Mentions: We then administered exogenous cortisol to larvae reared at the MixPT (24°C) between 1 and 10 wah to analyze its effects on key molecular events involved in the sex differentiation process of this species, e.g. the expression of amh and cyp19a1a mRNA [22]–[24] and gonadal apoptosis [25], and on the sex ratios. We also measured the whole-body concentrations of cortisol in treated larvae but this analysis failed to demonstrate a significant difference in comparison to the control group (data not shown), probably as a result of the relatively long time elapsed between the last feeding (evening) and sampling (morning) and the rapid cortisol clearance (see [10], [21], [26]). Nevertheless, the analysis of mRNA transcript abundance showed that all individuals from the group administered cortisol (0.8 mg/g; n = 10) presented a male-like pattern of amh upregulation and cyp19a1a downregulation at 6 wah (Fig. 2; see [22]–[24]). Likewise, the TUNEL assay revealed a higher incidence of apoptosis in the gonads of cortisol-treated fish compared to the controls on week 6 (Fig. 3). Almost all of the cells in the anterior sections of the right lobe of the gonad of these larvae were TUNEL-positive, a pattern typically associated with masculinization in this species [25]. These early molecular signs of masculinization were corroborated by the histological analysis conducted 2–3 months after cortisol withdrawal. Thus, in three independent trials, groups administered cortisol consistently had higher percentages of males compared to the respective controls and those with the highest dosage (0.8 mg/g) were all male (Fig. 4). Mortalities were negligible after the first week, when the fish started to ingest the cortisol-treated diets, and hence could not have caused the observed sex ratio deviations.

Bottom Line: Larvae maintained during the period of gonadal sex differentiation at a masculinizing temperature (29 degrees C; 100% males) consistently had higher cortisol, 11-ketotestoterone (11-KT), and testosterone (T) titres than those at a feminizing temperature (17 degrees C; 100% females).Administration of cortisol and a non-metabolizable glucocorticoid receptor (GR) agonist (Dexamethasone) to larvae at a "sexually neutral" temperature (24 degrees C) caused significant increases in the proportion of males.Cortisol role or roles during TSD of pejerrey seem(s) to involve both androgen biosynthesis- and GR-mediated processes.

View Article: PubMed Central - PubMed

Affiliation: Graduate School of Marine Science and Technology, Tokyo University of Marine Science and Technology, Tokyo, Japan.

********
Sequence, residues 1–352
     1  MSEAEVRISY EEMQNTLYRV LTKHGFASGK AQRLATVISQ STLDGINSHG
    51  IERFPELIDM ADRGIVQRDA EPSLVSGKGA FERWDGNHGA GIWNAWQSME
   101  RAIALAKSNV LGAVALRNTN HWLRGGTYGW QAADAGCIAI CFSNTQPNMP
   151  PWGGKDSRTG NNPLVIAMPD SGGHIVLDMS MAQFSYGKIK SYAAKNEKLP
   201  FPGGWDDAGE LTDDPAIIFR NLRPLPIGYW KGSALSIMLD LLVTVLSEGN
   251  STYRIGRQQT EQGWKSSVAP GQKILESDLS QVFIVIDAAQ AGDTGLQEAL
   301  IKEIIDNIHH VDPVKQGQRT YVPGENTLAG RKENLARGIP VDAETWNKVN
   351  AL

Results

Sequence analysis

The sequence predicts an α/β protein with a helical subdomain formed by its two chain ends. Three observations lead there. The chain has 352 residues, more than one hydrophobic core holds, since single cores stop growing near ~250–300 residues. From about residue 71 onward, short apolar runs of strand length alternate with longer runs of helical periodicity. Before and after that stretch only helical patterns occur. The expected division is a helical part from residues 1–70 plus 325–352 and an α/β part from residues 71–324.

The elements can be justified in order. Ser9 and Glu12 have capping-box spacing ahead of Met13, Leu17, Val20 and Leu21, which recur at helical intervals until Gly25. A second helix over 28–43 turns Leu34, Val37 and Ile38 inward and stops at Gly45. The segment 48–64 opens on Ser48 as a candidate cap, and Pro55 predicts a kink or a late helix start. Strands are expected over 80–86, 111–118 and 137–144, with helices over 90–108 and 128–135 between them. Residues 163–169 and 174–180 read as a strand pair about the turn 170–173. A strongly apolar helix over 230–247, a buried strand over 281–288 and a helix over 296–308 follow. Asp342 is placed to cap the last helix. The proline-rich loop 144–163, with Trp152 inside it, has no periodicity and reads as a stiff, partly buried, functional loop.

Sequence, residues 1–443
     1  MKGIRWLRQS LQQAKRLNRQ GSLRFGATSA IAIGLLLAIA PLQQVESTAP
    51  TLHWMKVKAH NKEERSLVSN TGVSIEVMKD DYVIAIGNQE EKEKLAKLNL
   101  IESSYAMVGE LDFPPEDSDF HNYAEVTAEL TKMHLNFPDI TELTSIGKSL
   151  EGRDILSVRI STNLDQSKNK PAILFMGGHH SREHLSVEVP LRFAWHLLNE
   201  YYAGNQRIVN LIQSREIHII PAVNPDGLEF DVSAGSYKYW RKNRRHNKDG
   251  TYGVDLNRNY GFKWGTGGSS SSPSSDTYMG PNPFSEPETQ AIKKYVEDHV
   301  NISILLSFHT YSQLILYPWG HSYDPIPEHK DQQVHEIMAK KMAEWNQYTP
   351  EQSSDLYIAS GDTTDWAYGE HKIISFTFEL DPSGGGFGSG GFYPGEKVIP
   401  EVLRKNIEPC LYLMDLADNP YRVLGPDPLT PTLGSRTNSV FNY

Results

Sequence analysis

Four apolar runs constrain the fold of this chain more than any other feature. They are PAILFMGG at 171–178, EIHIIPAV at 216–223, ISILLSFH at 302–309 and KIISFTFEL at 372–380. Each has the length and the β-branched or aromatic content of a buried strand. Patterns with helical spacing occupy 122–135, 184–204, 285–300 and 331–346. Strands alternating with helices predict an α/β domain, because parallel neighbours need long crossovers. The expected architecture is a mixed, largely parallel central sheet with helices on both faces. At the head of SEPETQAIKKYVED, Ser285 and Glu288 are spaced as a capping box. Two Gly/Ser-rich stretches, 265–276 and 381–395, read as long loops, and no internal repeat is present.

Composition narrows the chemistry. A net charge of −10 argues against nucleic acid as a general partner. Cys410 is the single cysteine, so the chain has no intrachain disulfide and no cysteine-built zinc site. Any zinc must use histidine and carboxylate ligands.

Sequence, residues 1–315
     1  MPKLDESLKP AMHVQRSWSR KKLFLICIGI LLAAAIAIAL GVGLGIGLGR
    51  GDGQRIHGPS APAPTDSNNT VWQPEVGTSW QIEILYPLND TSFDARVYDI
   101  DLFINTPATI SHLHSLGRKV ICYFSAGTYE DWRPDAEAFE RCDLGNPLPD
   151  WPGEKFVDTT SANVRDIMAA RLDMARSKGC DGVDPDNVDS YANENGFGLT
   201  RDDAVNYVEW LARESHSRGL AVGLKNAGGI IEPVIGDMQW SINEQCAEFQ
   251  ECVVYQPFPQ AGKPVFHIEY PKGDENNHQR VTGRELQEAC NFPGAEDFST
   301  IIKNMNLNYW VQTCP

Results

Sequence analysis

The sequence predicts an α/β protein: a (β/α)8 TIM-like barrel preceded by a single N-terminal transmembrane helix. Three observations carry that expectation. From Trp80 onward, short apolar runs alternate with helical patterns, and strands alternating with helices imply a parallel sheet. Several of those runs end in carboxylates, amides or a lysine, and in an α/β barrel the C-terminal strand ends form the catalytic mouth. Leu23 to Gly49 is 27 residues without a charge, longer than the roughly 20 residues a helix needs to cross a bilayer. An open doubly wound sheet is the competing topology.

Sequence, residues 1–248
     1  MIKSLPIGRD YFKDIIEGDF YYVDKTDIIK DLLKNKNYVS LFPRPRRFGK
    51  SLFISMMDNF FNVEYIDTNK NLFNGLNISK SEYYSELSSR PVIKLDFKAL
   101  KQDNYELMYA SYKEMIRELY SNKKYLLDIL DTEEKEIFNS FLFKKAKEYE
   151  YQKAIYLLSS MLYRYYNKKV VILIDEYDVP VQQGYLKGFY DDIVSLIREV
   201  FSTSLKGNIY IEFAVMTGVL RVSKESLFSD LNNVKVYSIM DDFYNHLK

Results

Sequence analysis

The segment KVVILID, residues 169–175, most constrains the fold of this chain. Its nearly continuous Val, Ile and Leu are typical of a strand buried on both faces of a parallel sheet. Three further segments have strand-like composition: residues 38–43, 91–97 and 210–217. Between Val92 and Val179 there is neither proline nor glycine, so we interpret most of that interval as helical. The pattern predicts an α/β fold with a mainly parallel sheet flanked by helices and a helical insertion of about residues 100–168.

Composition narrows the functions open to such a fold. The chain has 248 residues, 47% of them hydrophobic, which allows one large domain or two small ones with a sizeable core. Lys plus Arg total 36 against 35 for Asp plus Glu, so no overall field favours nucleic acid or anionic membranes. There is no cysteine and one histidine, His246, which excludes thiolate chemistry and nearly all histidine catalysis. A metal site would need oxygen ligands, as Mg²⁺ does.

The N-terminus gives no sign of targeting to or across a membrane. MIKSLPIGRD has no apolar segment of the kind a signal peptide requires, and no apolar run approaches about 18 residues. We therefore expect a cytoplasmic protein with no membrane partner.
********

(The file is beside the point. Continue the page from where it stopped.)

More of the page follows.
ABSTRACT

Background: Gonadal fate in many reptiles, fish, and amphibians is modulated by the temperature experienced during a critical period early in life (temperature-dependent sex determination; TSD). Several molecular processes involved in TSD have been described but how the animals "sense" environmental temperature remains unknown. We examined whether the stress-related hormone cortisol mediates between temperature and sex differentiation of pejerrey, a gonochoristic teleost fish with marked TSD, and the possibility that it involves glucocorticoid receptor- and/or steroid biosynthesis-modulation.

Methodology/principal findings: Larvae maintained during the period of gonadal sex differentiation at a masculinizing temperature (29 degrees C; 100% males) consistently had higher cortisol, 11-ketotestoterone (11-KT), and testosterone (T) titres than those at a feminizing temperature (17 degrees C; 100% females). Cortisol-treated animals had elevated 11-KT and T, and showed a typical molecular signature of masculinization including amh upregulation, cyp19a1a downregulation, and higher incidence of gonadal apoptosis during sex differentiation. Administration of cortisol and a non-metabolizable glucocorticoid receptor (GR) agonist (Dexamethasone) to larvae at a "sexually neutral" temperature (24 degrees C) caused significant increases in the proportion of males.

Conclusions/significance: Our results suggest a role of cortisol in the masculinization of pejerrey and provide a possible link between stress and testicular differentiation in this gonochoristic TSD species. Cortisol role or roles during TSD of pejerrey seem(s) to involve both androgen biosynthesis- and GR-mediated processes. These findings and recent reports of cortisol effects on sex determination of sequential hermaphroditic fishes, TSD reptiles, and birds provide support to the notion that stress responses might be involved in various forms of environmental sex determination.

Show MeSH
Related in: MedlinePlus